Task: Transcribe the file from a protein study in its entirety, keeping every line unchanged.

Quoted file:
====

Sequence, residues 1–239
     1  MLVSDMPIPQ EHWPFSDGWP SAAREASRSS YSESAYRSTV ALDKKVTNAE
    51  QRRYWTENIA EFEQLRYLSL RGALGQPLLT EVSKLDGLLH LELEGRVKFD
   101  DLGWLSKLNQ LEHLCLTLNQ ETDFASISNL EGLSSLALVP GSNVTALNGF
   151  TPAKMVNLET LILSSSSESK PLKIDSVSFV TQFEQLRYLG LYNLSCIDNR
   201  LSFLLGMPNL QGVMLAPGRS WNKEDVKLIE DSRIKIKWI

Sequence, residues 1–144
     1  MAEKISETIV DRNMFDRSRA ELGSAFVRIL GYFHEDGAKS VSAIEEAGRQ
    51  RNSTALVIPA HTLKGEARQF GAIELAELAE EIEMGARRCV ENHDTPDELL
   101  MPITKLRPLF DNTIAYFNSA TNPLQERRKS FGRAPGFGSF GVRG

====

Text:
Sequence, residues 1–239
     1  MLVSDMPIPQ EHWPFSDGWP SAAREASRSS YSESAYRSTV ALDKKVTNAE
    51  QRRYWTENIA EFEQLRYLSL RGALGQPLLT EVSKLDGLLH LELEGRVKFD
   101  DLGWLSKLNQ LEHLCLTLNQ ETDFASISNL EGLSSLALVP GSNVTALNGF
   151  TPAKMVNLET LILSSSSESK PLKIDSVSFV TQFEQLRYLG LYNLSCIDNR
   201  LSFLLGMPNL QGVMLAPGRS WNKEDVKLIE DSRIKIKWI

Sequence, residues 1–144
     1  MAEKISETIV DRNMFDRSRA ELGSAFVRIL GYFHEDGAKS VSAIEEAGRQ
    51  RNSTALVIPA HTLKGEARQF GAIELAELAE EIEMGARRCV ENHDTPDELL
   101  MPITKLRPLF DNTIAYFNSA TNPLQERRKS FGRAPGFGSF GVRG